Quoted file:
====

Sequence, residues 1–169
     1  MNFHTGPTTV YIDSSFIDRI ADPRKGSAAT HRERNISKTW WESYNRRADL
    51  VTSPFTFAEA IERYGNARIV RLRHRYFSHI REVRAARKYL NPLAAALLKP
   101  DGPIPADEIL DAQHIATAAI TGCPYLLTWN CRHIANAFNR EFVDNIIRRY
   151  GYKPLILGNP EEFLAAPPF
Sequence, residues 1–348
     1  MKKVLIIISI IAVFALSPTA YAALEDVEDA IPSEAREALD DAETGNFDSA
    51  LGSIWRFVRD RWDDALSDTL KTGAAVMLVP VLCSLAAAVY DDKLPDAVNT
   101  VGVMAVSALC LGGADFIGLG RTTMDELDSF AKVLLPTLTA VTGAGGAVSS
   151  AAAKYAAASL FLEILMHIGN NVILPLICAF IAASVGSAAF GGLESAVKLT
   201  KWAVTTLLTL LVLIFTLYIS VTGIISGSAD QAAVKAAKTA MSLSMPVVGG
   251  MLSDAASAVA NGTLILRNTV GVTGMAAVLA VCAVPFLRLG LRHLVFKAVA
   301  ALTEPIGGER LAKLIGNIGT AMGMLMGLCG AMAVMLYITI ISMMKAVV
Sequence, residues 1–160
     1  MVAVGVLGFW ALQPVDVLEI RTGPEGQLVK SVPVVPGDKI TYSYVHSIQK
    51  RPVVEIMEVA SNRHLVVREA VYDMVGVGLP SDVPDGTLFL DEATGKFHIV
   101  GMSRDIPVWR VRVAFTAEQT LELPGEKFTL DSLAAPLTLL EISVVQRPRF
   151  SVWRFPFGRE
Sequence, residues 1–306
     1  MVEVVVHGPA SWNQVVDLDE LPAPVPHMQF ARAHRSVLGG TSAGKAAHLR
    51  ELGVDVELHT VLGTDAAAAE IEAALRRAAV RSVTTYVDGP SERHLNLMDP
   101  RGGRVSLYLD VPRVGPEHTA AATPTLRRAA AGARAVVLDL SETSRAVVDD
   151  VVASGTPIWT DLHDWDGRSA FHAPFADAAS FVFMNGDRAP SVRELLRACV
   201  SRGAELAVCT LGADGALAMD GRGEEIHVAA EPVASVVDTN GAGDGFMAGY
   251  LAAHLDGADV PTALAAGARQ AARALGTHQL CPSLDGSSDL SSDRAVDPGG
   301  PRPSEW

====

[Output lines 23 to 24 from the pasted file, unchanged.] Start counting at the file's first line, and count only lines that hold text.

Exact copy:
   151  VVASGTPIWT DLHDWDGRSA FHAPFADAAS FVFMNGDRAP SVRELLRACV
   201  SRGAELAVCT LGADGALAMD GRGEEIHVAA EPVASVVDTN GAGDGFMAGY